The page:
Qualifying is another matter, of course. Tom Sykes stamped his authority on proceedings early in the day, pipped by a tenth of a second in the last moments of session one by Jakub Smrz on the second Effenbert Ducati, Joan Lascorz on the other factory Kawaaki and Max Biaggi who came in a thousandth of a second faster. But session two saw the Yorkshireman take, and retain, control with a blstering lap that was well over a tenth faster than second placed Sylvain Guintoli who in turn edged out his neighbour, BMW rider Leon Haslam. The provisional front row was completed by Carlos Checa, just over a third of a second behind Sykes. Then we had Melandri, Laverty, Camier and Smrz ahead of Lascorz, Rea, Biaggi and Zanetti on the PATA Ducati. Niccola Canepa was next, from Maxime Berger and Badovini, with David Giugliano as the last Superpole qualifier. Chaz Davies, Fabrizio, John Hopkins, David Salom, Mark Aichison, Brett McCormick, Hiroshi Aoyama, Luis Mercado and Lorenzo Alfonsi all failed to make the cut for Superpole. It's worth noting that Davies and Hopkins are both effectively on their first race of the season after injuring themselves before, or during, the Phillip Island round, while Alfonsi is a new entrant to the championship, riding for the ProRide team who did not take part in pre-season testing here.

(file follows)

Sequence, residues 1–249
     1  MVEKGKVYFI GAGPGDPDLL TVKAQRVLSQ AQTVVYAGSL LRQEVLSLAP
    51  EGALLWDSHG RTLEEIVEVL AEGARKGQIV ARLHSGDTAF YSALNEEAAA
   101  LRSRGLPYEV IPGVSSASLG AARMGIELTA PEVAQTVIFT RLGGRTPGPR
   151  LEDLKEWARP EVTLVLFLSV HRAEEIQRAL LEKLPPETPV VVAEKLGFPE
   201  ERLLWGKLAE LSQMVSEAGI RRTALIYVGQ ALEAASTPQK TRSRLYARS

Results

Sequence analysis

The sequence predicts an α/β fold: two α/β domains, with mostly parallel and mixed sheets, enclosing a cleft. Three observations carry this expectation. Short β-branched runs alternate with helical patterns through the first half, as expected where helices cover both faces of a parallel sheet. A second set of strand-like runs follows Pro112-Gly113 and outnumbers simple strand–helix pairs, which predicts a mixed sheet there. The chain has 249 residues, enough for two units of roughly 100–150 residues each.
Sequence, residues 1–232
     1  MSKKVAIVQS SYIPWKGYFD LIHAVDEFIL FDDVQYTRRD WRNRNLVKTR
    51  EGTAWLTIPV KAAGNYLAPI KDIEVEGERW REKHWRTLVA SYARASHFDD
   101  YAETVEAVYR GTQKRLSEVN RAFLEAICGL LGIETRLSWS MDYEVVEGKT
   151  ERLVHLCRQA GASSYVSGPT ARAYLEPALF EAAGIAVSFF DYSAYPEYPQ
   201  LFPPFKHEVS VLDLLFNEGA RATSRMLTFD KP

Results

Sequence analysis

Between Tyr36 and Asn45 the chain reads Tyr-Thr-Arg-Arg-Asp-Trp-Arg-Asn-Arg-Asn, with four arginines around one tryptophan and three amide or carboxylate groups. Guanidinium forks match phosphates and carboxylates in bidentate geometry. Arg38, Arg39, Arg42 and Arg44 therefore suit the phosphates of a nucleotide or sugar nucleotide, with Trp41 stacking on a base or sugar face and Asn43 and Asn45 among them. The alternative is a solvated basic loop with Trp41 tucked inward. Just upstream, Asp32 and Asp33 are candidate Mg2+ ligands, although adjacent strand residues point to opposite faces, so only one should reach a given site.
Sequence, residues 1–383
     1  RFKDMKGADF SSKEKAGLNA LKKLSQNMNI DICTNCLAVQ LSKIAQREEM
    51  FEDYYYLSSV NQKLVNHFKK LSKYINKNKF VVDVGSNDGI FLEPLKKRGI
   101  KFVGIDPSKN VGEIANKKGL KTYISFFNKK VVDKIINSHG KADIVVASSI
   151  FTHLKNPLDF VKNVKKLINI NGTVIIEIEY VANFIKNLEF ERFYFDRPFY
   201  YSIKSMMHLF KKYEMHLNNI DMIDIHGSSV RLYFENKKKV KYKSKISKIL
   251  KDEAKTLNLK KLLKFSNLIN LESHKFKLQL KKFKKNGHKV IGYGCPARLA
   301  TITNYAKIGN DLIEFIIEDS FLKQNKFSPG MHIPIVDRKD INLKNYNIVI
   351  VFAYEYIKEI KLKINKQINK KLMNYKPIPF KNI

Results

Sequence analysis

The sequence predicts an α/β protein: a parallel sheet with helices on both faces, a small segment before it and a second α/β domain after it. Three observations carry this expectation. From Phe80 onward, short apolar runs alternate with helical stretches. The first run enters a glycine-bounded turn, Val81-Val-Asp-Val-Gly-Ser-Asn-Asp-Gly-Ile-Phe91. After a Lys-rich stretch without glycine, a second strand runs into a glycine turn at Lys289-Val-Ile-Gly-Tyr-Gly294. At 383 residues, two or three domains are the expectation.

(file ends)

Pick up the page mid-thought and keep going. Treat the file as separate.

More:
Superpole one saw the surprise departure of Leon Camier, the Suzuki reacting poorly to a quaifying tyre. Behind Camier on the fourth row we have Ayrton Badovin, while ahead of him the Ducati mounted Canepa and Berger. The second session left the third row of the grid made up by Zanetti, Smrz, Laverty and Giuliano, which left the final eight to fight out for the front two rows. Sylvain Guintoli nailed his colours to the mast early on, though to be fair his was the fastest out lap of the session and therefore the fastest by default. Max Biaggi recorded the first properly quick lap, a full ten seconds faster than the Frenchman's earlier time, while Joan Lascorz went nearly half a second quicker, demoting the Aprilia rider just a second later. Guintoli then got himself back into the running on a qualifier with a seemingly unbeatable time, thirteen seconds faster than Lascorz, only to be robbed by Tom Sykes in the dying seconds of the session, the British Kawasaki rider going half a second faster to take an new lap record at the same time, as well as taking his second pole in a row. Jonathan Rea had a huge crash on the last lap of the session, emerging sore but fundamentally unhurt.